Heavy metal poisoning has been found to be harmful to every system in the body, particularly the central nervous system, and has been associated with a variety of illnesses and conditions, including Alzheimer’s disease, Parkinson’s, and other serious neurological disorders. Lead tends to accumulate within the cells, and levels of lead in blood serum is not a good indicator of lead levels in the blood cells, where the damage is done. For this reason, the best way to determine whether an individual has toxic levels of the metal is through thorough analysis of blood.
In otherwise healthy individuals, detoxifying lead and other heavy metal poisoning toxins is a simple matter of using chelating agents to mobilize and bind with toxic metals so they can be easily excreted. However, mobilizing these toxic metals means releasing them into the bloodstream, which means they are temporarily recirculating through the system. Most individuals who go through chelation therapy have higher results on tests for toxic metals in the early stages of the process. In adrenal fatigue sufferers, this means that symptoms may get worse for a time or even lead to full adrenal exhaustion, leaving the sufferer unable to handle the sudden flood of toxins, unless the NEM system is strengthened and supported to handle the onslaught.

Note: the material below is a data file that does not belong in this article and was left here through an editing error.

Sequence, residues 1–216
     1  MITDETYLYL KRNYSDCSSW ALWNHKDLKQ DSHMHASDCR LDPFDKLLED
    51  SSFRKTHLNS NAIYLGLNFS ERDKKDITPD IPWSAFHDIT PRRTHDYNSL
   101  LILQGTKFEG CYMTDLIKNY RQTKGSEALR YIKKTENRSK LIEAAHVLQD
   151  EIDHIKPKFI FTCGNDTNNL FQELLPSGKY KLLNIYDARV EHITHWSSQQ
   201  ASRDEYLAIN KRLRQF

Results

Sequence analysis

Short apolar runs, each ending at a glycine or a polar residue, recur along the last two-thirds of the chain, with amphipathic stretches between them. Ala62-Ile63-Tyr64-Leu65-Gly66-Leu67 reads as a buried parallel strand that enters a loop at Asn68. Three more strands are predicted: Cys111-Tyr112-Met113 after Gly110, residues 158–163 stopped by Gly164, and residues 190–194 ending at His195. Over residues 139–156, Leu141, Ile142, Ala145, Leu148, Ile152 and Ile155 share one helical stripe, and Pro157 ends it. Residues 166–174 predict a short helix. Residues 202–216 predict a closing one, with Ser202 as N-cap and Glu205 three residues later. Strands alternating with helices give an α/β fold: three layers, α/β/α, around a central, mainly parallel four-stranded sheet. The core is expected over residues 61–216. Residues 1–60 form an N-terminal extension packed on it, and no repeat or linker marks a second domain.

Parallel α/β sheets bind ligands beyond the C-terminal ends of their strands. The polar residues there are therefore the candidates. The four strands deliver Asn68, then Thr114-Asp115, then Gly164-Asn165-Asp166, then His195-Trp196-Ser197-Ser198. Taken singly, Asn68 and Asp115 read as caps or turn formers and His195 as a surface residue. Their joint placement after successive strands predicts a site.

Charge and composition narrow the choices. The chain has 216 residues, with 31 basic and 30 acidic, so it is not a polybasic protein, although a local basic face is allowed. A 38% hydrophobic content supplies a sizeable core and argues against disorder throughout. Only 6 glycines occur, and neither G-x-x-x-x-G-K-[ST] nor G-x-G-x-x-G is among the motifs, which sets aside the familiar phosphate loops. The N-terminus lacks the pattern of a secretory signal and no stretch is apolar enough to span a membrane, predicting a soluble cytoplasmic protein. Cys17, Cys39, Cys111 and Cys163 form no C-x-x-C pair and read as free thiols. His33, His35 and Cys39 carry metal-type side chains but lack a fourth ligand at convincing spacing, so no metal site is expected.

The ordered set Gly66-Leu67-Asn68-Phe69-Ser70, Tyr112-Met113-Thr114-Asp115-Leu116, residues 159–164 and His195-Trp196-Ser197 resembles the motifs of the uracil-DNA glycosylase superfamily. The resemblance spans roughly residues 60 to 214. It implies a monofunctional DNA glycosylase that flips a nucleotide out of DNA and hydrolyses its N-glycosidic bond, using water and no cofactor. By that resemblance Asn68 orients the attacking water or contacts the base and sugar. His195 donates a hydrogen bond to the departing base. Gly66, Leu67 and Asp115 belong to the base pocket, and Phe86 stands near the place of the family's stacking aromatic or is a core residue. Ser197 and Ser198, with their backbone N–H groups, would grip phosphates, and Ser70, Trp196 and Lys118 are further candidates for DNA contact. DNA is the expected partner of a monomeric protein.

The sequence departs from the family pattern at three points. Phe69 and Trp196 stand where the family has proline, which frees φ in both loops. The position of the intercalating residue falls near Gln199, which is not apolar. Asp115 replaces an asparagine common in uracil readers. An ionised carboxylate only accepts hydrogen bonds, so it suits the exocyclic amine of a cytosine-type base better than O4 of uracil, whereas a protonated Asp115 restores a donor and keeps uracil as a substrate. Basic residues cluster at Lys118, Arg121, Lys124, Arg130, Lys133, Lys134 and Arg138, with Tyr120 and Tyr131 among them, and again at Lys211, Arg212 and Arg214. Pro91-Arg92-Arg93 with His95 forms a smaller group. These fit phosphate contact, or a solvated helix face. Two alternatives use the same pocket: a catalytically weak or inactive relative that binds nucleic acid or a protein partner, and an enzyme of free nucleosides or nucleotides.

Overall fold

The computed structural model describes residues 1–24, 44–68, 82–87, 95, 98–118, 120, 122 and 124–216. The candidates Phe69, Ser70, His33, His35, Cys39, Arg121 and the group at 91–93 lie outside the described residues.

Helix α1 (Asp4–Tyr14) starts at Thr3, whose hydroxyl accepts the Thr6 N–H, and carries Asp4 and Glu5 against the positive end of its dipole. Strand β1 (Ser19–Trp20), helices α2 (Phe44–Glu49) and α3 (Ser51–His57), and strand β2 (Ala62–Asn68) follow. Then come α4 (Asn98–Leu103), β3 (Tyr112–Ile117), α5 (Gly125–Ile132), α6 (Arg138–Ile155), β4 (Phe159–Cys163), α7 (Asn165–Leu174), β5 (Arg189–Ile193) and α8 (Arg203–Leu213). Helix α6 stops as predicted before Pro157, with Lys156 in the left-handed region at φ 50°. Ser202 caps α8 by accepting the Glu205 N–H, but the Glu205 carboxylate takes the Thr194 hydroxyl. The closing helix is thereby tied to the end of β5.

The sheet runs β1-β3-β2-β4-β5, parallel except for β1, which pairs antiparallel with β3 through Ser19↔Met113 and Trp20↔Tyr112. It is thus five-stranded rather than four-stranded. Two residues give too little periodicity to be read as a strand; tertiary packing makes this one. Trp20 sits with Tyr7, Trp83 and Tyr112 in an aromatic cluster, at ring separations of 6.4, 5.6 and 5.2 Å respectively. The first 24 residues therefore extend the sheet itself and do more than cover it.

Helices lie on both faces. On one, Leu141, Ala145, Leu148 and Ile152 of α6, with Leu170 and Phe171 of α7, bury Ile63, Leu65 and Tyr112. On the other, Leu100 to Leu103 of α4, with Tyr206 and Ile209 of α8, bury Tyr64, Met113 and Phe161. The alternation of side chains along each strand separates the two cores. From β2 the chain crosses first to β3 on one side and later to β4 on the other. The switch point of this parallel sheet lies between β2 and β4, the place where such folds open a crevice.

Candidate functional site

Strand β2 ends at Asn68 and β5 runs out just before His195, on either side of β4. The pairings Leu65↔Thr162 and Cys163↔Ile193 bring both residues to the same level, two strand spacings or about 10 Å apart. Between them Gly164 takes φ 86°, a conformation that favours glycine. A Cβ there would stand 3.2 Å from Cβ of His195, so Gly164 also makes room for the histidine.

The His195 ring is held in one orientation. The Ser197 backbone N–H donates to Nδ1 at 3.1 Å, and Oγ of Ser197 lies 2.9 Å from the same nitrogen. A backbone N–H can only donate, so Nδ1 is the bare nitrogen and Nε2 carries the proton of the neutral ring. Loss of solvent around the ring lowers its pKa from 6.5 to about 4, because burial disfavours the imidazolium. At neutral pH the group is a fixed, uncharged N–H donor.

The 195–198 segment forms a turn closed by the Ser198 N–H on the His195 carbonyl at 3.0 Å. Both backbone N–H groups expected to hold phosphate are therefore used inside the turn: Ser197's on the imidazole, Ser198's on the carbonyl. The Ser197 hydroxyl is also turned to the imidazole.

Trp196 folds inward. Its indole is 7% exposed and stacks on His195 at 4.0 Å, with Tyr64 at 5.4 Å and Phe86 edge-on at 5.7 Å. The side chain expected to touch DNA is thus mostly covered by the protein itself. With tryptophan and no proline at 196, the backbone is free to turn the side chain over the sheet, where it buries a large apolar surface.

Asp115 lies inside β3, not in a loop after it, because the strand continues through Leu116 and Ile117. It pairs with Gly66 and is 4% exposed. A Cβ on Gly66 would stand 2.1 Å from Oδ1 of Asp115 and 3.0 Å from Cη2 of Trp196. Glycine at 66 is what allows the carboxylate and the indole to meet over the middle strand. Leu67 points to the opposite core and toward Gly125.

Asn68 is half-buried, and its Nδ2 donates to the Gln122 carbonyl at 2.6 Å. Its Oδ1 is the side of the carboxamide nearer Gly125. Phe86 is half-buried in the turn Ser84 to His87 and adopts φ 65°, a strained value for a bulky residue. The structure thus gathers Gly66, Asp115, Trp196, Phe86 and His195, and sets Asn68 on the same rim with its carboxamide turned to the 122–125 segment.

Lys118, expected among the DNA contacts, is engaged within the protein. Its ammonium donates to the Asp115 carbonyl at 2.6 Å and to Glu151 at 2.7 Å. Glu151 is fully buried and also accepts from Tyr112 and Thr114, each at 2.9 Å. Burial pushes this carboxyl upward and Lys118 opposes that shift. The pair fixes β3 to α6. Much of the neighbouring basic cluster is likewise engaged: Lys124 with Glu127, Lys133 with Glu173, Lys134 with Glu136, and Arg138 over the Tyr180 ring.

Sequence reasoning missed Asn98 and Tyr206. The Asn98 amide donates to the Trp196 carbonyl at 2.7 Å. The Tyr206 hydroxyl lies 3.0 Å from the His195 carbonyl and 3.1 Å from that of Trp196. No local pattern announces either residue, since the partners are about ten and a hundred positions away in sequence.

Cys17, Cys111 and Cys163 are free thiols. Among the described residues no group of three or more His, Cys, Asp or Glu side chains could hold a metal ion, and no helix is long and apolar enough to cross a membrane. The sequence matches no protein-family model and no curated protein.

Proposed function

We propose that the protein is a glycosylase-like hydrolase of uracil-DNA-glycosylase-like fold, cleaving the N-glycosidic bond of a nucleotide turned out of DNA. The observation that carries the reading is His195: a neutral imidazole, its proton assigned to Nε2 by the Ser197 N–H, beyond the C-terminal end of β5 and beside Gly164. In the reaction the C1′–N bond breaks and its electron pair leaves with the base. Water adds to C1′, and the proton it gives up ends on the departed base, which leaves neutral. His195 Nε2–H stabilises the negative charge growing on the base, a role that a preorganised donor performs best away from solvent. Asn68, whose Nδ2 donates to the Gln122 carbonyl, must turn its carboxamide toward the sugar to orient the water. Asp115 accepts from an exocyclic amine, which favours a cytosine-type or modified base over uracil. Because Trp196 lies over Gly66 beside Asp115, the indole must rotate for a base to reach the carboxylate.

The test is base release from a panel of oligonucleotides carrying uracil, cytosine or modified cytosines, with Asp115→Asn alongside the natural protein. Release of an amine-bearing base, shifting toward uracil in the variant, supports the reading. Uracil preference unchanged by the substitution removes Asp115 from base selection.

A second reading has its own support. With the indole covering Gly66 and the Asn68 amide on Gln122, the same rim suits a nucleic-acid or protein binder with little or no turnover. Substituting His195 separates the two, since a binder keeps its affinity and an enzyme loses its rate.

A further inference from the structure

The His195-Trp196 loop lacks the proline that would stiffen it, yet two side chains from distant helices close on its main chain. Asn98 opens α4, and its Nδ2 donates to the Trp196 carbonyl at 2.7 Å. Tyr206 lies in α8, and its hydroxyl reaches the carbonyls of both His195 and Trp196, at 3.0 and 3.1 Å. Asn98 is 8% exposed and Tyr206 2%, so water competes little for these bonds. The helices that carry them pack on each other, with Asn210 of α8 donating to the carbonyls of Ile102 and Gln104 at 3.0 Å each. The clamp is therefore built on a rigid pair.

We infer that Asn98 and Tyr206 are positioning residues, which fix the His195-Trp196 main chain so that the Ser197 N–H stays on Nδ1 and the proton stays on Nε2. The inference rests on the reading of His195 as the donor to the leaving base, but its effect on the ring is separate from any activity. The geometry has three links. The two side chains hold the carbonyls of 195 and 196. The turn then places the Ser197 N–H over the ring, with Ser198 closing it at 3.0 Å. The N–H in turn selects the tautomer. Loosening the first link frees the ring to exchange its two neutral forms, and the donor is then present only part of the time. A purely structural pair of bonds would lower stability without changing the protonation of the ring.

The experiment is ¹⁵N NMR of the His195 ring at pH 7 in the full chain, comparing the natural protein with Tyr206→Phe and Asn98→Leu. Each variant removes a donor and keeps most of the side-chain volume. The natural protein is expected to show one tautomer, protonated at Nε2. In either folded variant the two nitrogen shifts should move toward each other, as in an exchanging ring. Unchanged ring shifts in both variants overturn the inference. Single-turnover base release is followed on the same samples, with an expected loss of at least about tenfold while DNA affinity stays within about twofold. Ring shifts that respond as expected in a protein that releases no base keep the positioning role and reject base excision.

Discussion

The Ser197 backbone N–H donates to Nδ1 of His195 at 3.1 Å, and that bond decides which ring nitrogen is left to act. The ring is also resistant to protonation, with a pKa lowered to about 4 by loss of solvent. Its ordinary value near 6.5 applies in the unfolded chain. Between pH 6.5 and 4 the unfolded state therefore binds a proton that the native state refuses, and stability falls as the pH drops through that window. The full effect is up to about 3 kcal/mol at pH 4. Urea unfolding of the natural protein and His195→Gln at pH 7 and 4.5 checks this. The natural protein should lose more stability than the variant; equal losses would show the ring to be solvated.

We all, as a result of living in modern times, are carrying at least some heavy metal poisoning toxins and would be healthier by getting rid of them. Those with Adrenal Fatigue Syndrome (AFS) need chelation even more than most. So how can someone suffering from adrenal fatigue avoid bringing on a severe case of adrenal burnout in the process of detoxing?
The answer lies in taking the chelation process slowly while supporting the adrenal glands and the rest of the endocrine system with good nutrition throughout. Focus on whole, minimally processed, preferably organic, foods.